Chris Goreham: You score the goals, Timm, we'll provide the relevant words!
PUBLISHED: 10:38 19 February 2018 | UPDATED: 10:38 19 February 2018
Stoppage time goals. They simultaneously thrill and crush supporters, they usually defy logic and they don't half test the vocal range of commentators.
Most of all they live longer in the memory than any other type of goal and they get replayed a lot.
It doesn’t matter that Norwich City struggled to find anything like their best form against Ipswich Town at the weekend. It doesn’t matter that they failed to create many clear-cut chances and it doesn’t even matter that they conceded an annoying goal from a set-piece so late in the East Anglian Derby.
None of it matters because that match will always be remembered as Timm Klose’s Derby. That 95th-minute equaliser must rank as one of the sweetest strikes in recent Carrow Road memory.
Goals like that don’t come along very often, but when they do it’s down to those of us fortunate enough to be trusted with access to a microphone to try to find the correct words, or at least make the right noises. It’s not easy to keep it broadcastable when thousands of people around you are losing their minds as Mick McCarthy’s expletive-laden reaction to Luke Chambers’ goal when it looked like it might finally end Ipswich’s winless Derby run proved.
I have always admired the seasoned professionals who, in moments of such sporting drama, can keep a cool head and continue to describe what’s happening in front of them. “They think it’s all over” – but sometimes it isn’t and I have learned the hard way the lesson of always leaving yourself somewhere to go when it comes to shouting about late goals.
I yelled with the best of them when Sebastien Bassong leathered home a last-ditch equaliser to make it 4-4 against Liverpool in the Premier League two years ago. Seconds later that triumphant scream was proven to be premature when Adam Lallana restored Liverpool’s lead and Jurgen Klopp lost his spectacles in the celebrations that followed.
There are times when commentators gamble and declare a late goal as the winner. There was a temptation to announce that Chambers had “won the Derby” for Ipswich when he headed home that 89th-minute effort on Sunday, but if commentating on the Canaries has taught me anything over the past decade it is to expect the unexpected.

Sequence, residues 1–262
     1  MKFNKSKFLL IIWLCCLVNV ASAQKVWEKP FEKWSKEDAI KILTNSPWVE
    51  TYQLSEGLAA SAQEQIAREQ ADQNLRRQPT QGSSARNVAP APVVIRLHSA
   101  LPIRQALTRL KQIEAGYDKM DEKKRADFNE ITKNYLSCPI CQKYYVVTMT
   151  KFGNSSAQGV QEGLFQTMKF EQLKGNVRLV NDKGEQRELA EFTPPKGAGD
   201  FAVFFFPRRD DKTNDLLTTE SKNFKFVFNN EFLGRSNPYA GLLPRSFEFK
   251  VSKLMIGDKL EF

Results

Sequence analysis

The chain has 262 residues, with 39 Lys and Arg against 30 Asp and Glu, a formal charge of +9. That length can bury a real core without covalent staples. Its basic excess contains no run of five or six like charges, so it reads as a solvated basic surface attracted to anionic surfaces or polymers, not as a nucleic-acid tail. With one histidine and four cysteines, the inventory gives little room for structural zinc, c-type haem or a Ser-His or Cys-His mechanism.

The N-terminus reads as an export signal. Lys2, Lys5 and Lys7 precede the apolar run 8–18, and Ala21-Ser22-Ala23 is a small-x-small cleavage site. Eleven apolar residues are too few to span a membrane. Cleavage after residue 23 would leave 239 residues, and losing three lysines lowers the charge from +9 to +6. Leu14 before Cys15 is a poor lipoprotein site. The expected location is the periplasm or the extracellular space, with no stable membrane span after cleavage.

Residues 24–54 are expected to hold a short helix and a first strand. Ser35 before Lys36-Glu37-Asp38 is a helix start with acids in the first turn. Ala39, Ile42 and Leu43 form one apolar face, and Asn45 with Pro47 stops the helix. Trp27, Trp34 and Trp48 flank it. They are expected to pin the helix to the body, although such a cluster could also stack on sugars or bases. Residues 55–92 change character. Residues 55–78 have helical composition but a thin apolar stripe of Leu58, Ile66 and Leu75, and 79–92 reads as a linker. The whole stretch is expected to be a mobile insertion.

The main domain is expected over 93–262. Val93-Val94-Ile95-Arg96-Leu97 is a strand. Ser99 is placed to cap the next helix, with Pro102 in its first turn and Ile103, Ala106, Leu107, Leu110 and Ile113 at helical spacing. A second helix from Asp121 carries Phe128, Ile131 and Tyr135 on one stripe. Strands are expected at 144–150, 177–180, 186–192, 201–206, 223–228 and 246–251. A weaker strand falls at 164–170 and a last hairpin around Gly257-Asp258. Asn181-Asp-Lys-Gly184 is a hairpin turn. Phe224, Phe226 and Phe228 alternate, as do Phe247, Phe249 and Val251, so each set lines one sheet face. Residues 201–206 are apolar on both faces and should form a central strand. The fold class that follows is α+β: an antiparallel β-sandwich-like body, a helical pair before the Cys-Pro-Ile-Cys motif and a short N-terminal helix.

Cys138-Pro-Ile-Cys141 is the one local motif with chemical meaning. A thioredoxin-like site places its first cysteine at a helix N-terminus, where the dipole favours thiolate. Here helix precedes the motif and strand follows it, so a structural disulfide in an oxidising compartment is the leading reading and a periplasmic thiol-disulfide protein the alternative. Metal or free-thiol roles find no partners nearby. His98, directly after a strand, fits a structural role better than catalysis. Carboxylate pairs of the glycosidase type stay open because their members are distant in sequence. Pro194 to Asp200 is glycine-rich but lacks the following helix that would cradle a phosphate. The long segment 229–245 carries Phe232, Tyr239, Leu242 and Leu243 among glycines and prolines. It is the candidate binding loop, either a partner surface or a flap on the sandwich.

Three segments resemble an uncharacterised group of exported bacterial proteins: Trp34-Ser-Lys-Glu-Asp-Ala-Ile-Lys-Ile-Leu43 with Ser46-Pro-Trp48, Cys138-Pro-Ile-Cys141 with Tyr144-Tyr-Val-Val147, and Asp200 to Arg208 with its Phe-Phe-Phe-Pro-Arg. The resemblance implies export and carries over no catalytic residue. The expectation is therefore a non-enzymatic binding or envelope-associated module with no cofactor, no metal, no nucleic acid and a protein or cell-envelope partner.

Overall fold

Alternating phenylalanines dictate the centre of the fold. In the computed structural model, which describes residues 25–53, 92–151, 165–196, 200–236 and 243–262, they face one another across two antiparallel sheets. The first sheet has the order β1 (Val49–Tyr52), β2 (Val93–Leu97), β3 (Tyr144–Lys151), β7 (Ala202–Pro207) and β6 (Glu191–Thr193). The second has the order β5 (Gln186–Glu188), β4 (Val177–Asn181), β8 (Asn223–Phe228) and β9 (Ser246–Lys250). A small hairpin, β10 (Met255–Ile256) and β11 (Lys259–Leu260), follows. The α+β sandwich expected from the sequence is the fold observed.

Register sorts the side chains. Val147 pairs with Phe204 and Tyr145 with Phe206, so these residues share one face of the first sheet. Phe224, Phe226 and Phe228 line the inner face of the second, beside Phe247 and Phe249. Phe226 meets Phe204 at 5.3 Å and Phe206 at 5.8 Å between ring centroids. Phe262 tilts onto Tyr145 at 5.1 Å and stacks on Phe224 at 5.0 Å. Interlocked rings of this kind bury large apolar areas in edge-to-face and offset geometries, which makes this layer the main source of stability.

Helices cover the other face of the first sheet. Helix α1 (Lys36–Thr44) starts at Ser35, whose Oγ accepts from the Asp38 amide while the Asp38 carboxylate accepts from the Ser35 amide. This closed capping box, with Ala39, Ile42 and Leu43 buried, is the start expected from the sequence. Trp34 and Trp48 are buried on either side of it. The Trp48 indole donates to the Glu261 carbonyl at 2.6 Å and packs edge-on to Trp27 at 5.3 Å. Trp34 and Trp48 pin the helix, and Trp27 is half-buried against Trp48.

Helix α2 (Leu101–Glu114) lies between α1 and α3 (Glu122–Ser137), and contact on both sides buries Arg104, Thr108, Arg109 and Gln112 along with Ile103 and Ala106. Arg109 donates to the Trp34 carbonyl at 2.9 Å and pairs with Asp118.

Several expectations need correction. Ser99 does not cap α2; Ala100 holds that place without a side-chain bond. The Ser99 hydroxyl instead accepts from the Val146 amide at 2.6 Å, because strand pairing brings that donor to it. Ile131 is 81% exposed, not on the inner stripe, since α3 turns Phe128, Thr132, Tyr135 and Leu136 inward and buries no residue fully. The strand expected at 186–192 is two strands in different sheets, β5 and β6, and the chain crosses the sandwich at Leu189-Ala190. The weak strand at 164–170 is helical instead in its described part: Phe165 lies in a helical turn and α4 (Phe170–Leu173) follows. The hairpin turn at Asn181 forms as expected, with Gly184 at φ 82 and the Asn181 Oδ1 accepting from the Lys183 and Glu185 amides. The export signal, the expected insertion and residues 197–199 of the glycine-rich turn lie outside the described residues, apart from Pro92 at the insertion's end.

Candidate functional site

So it was that one Norwich City centre back would send in a 95th-minute cross for another of them to head home the most dramatic of equalisers. The screaming that followed on BBC Radio Norfolk may not have been poetic or descriptive, but the raise in decibel levels did at least capture the mood of jubilation and relief.
The feeling was very different on the other side of the ground from our privileged position on the South Stand gantry where our colleagues from BBC Radio Suffolk were calling the action to those of a blue and white persuasion. Only the Scottish speed skater Elise Christie can understand what it must feel like to fall on the big occasion as regularly as Ipswich have in recent years.
“How awful”, was the forlorn cry of my opposite number Brenner Woolley, the disbelief in his voice appealing to the cruel side of Canaries fans who enjoyed sharing the moment from a Suffolk perspective on social media. It can be excruciating listening back to commentary in its rawest form out of context days later. That goes for the good moments and the bad.
The words may not always come easy, but the power is with the players. We can only commentate on what’s in front of us and it would be nice to think there may be plenty more to shout about between now and the end of the season.
I took a trip down memory lane all the way to Milan last weekend.
What a thrill it was to return to the San Siro stadium, 25 years after seeing Norwich City take on Inter there in the Uefa Cup. The remarkable old place with its roof of red girders hasn’t changed a bit since 1993. I have, but seeing as I was only 11 back then, that is probably a good thing.
The purpose of the visit wasn’t to watch Inter Milan triumph 2-1 over Bologna in Serie A, although that was fun, but rather to see the visit through the eyes of Bryan Gunn who was a member of the travelling Norfolk party last week and played a much more significant role than I did back in ’93.
Gunny senior, as we must call him out of respect to Angus, is heavily involved in the showpiece friendly at Carrow Road in May which will see a team of Canary heroes take on Inter Forever, a side made of up of legends who have worn the famous black and blue striped shirts with distinction.
Microphones can open all sorts of doors for you and standing pitchside at the San Siro made me realise what a coup it is for Norwich City to have attracted such illustrious opposition for the charity match.
We marvelled at the reception afforded to Argentina star Javier Zanetti and spoke to the former midfielder Nicola Berti who had, until last Sunday, been just a head and shoulders in a Panini World Cup sticker album to me.
At one point I thought I had been rumbled when a fearsome looking Italian official marched over and started pointing at my microphone as I recorded the sound of the San Siro.
After we gesticulated in different languages for a few seconds it became clear that all she wanted was to take a photo of the BBC Radio Norfolk logo on the top of my mic. How nice, I thought, and I offered to pose for her as if I was interviewing someone so that she could take an action shot.
No need. She literally wanted a picture of the microphone without me in at all.
Moments like that will keep me grounded, even at the San Siro.